To quantify the impact of all such models on traffic congestion, we need more researches. Intelligent transportation systems efficiently integrate a city’s entire multimodal transportation options, including individual mobility and mass transit. A network of sensors, GPS-tracked public transportation, dynamic traffic lights, passenger information panels, automatic vehicle registration plate readers, closed-circuit television systems, navigation facilities, signaling systems, and, most importantly, the ability to integrate live data from most of these sources are typical components of modern intelligent transportation systems. Safety, network management, traffic congestion, environmental performance, accessibility, convenience, and public perception can all be affected. Poznan, Poland, for example, has a modern intelligent transportation system in place. A shortage of skilled personnel, interoperability issues, and unexpected delays in constructing hard infrastructure components were among the challenges encountered during the project’s implementation.
3. Smart energy
Sensors, advanced meters, renewable energy sources, digital controls, and analytic tools are used in smart energy management systems to automate, monitor, and optimize energy distribution and usage. Such systems balance the needs of various stakeholders, such as consumers, producers, and providers, to optimize grid operation and usage. Examples of smart energy infrastructure innovations include distributed renewable generation, microgrids, smart grid technologies, energy storage, automated demand response, virtual power plants, etc. Such innovations enable community-based energy monitoring programs and improve building energy efficiency by extending a network of intelligent energy devices across a city and providing a detailed view of energy consumption patterns. Smart grids are an important part of smart energy infrastructure. A smart grid is defined as an “electricity delivery system from generation to consumption that is integrated with ICT for improved grid operations, customer services, and environmental benefits.” Smart grids are being implemented in both developed and developing countries all over the world.
4. Smart water
Cities are constantly attempting to address water scarcity issues through innovative technologies and better water management. A good water distribution system requires improved metering and flow management. A smart water management system uses digital technology to help save water, cut costs, and improve water distribution reliability and transparency. Data and information networks are layered on top of physical pipe networks. To better manage water flow, the system typically analyses available flow and pressure data in real-time to detect anomalies (such as leaks). Customers may be given real-time water situation updates and relevant information to help them conserve water, resulting in lower water bills.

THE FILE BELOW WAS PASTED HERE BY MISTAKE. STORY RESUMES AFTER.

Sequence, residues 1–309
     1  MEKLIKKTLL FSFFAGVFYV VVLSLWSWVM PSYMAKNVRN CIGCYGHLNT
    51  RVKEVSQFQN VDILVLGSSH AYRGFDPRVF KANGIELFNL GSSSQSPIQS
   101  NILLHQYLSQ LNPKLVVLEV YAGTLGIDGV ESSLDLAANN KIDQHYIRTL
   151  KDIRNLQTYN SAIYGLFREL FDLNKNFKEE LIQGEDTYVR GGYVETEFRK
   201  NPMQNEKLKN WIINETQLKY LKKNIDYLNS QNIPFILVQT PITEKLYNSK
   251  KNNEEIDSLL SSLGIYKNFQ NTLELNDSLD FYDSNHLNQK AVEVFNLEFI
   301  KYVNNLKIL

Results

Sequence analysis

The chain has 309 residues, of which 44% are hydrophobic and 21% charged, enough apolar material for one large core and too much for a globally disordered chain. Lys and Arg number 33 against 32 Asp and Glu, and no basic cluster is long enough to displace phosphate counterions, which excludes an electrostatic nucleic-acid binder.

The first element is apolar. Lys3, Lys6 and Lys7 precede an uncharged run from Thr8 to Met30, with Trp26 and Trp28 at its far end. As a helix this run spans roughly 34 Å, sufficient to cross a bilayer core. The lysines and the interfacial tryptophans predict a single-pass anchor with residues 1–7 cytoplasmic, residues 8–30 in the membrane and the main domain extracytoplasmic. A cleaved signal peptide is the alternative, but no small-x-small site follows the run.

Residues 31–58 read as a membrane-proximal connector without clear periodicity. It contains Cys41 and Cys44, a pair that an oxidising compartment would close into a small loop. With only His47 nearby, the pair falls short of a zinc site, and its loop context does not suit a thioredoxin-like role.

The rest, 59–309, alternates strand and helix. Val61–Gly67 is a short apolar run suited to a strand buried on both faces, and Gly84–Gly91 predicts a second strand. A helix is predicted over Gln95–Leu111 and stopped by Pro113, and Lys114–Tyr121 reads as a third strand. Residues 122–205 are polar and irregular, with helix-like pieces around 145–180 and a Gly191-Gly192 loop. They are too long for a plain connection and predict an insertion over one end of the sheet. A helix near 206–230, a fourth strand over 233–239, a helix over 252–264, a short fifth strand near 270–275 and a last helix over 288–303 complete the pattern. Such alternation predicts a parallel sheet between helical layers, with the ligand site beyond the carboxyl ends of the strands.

5. Smart waste management
The rate of waste generation outpaces the rate of urbanization today. Cities are finding it increasingly difficult to source, separate, and use various types of waste that can potentially be returned to the consumer life cycle. Monitoring, collection, transport, processing, recycling, and waste disposal are all part of waste management. Smart waste management systems reduce waste, categorize waste types at the source, and develop waste-handling methods. Closed-loop economies can be created by converting waste into a resource using such systems. Their main advantages are increasing the efficiency of waste collection, separation, reuse, and recycling. The inability to predict when waste will be collected is one of the most inefficient aspects of waste management; trucks are frequently dispatched to collect waste when bins are not full. Sensors, connectivity, and the Internet of Things all offer ways to cut down on the extra costs that come with inefficiency. Smart waste management systems make it possible to track the movement of various types of waste.
6. Smart health
The well-being of city dwellers is a big concern in the long-term viability of urban areas and their supporting ecosystems. Smart cities can improve their ability to use big data to make predictions or identify population health hotspots (such as epidemics or health impacts during extreme weather events). Digital health records, home health services, remote diagnoses, treatment, and patient monitoring systems are all examples of smart healthcare management that turn health-related data into clinical and business insights. It also facilitates the provision of health care through intelligent and networked technologies that aid in monitoring citizens’ health conditions. It enables a shift in focus to prevention instead of cures, with a broader view of overall care, healthy living, and wellness management. Smart healthcare systems have a lot of potential in developed countries’ aging societies, and they could help reduce healthcare disparities between high- and low-income groups.